The Philippines will repatriate over 100 UN troops serving in Liberia "as soon as possible." The decision comes after Liberia confirmed all regions have now been hit by the Ebola virus.
The Philippines defense department confirmed on Saturday that it will pull out more than 100 troops from a UN peace-keeping mission Liberia amid concerns over the Ebola virus. It will also bring home over 300 Filipino UN troops from the Golan Heights amid deteriorating security in the region.
In a statement, the department said the 115-member contingent in Liberia will be "repatriated as soon as possible" due to the increasing health risk from the outbreak of the Ebola virus in West Africa.
"The Philippines prioritizes the safety and security of its troops, but remains committed to the peacekeeping missions of the United Nations," the statement added.
The decision comes after Liberia confirmed on Friday that all regions have now been hit by the Ebola virus, where 624 people have already died due to the disease. In neighbouring Guinea, 406 have died and 392 in Sierra Leone.
Two people have now tested positive in the province of Sinoe - Liberia's last Ebola-free region.
Death toll crosses 1,400
The World Health Organization (WHO) said on Friday that the number of deaths by Ebola had reached 1,427. A total of, 2,615 suspected or confirmed cases have now been reported in West Africa since the outbreak was first indentified in Guinea in March.
Two new cases have also been confirmed by Nigerian health minister Onyebuchi Chukwu. The victims are thought to have been infected by their spouses who were medical workers and came into contact with an infected person, Patrick Sawyer, who was flying in from Liberia.
Sawyer was not quarantined immediately after his arrival and enabled the hemorrhagic fever to spread to 11 others, killing a total of five in the country. The Nigerian government has kept a further 213 people under surveillance for indications of Ebola.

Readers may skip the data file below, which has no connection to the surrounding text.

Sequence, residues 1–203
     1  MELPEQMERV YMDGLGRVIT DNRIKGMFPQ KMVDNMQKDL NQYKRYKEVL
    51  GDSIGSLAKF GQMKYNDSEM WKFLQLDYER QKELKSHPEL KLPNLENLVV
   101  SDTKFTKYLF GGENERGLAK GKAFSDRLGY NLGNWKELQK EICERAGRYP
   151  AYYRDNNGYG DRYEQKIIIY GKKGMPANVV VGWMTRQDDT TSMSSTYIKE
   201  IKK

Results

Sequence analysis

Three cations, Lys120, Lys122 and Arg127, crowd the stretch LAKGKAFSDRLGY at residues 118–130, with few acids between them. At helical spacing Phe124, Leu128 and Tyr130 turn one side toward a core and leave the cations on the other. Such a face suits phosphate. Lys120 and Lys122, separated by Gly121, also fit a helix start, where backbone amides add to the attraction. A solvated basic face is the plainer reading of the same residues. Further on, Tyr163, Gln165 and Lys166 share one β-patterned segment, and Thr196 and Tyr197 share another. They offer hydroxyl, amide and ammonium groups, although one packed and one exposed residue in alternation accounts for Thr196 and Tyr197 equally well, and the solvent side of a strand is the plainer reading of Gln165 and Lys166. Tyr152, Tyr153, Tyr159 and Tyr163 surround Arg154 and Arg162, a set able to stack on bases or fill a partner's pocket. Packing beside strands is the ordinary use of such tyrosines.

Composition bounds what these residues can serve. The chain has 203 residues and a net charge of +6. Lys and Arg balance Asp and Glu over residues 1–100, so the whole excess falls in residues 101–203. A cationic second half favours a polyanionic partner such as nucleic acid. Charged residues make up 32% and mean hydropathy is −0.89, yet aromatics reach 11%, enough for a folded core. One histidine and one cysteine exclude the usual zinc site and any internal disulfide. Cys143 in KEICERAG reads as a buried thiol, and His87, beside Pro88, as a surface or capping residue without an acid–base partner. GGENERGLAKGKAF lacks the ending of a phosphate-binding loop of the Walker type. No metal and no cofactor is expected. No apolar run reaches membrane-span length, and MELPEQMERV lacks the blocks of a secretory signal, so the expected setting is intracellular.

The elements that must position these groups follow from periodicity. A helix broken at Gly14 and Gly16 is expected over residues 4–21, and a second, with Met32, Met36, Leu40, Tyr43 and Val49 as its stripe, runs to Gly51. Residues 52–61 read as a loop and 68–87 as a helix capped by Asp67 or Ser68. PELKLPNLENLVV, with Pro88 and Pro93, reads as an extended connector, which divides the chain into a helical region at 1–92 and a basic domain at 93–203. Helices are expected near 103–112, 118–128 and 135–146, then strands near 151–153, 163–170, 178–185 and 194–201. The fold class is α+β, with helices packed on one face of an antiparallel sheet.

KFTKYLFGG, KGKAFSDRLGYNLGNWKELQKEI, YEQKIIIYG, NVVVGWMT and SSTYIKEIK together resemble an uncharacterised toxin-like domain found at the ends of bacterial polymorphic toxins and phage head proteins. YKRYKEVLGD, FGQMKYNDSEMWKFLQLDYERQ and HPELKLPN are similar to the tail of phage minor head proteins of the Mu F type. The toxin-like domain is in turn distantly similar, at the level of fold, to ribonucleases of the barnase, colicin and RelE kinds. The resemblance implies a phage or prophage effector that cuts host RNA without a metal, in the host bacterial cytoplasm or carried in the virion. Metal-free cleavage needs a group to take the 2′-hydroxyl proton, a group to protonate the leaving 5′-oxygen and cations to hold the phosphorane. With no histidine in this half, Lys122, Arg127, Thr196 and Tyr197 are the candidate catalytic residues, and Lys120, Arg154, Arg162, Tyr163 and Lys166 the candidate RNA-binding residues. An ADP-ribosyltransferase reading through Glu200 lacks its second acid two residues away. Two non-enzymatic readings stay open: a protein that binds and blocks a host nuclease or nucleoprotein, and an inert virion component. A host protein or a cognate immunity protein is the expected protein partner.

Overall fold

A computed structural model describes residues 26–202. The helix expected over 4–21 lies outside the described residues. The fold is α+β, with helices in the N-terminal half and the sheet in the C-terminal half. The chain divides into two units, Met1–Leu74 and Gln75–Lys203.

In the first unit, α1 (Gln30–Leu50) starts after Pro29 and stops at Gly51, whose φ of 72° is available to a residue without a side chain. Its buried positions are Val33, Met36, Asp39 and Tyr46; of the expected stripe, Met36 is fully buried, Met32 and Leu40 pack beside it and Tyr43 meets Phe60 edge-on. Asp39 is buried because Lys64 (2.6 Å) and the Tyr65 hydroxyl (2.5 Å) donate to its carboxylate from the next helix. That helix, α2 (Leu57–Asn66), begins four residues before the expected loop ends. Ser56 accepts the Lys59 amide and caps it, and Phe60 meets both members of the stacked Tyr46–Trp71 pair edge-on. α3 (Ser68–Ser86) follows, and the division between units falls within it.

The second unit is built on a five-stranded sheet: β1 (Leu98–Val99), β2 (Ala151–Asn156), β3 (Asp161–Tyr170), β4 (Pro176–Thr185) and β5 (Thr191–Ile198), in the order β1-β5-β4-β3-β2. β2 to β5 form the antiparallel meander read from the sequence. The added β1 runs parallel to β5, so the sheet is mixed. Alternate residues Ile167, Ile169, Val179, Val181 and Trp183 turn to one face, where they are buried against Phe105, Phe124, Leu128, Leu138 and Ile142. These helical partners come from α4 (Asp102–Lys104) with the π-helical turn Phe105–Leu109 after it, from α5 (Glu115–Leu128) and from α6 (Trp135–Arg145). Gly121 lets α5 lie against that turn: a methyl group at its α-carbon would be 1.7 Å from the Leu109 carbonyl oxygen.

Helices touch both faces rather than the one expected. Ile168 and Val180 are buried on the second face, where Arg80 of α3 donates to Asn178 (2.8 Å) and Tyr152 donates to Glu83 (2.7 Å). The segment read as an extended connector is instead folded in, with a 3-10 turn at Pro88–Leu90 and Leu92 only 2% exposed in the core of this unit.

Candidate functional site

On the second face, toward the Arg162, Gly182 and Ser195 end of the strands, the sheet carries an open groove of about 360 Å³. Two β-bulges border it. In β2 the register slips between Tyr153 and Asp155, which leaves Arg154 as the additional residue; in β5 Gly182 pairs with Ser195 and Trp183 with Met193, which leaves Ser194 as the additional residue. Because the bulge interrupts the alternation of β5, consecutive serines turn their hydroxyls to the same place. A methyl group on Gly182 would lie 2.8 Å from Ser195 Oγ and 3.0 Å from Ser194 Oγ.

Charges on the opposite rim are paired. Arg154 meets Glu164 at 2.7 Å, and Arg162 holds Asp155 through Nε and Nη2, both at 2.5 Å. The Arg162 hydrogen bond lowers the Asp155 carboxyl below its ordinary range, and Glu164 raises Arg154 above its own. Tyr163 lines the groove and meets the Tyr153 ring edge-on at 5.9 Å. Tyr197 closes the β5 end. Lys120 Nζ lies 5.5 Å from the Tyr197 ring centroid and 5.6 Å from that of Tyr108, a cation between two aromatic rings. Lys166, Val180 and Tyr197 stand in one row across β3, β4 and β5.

People infected with the disease display flu-like symptoms and suffer internal and external hemorrhaging. There is currently no vaccine for the virus.
WHO is also concerned that several cases of Ebola might be going undetected due to families hiding the victims at home and the existence of "shadow zones," where medics cannot go due to community resistance or lack of staff and transport.
Some infected people prefer to die at home, especially in Liberia and Sierra Leone, where the disease is associated with social stigma and isolation.
Neighboring countries in West Africa are also growing increasingly concerned about the epidemic and have closed land borders and even stopped flights to these countries. South Africa, Senegal and Gabon are the latest countries to seal their borders and impose travel bans on Ebola-hit countries.
WHO officials are now estimating that it will be six to nine months before the epidemic is brought to a halt.
An Ebola outbreak will only be declared as over in a country if there have been no confirmed cases for two incubation periods, or a total of 42 days, a WHO spokesperson said.
kb/shs (AP, dpa, AFP)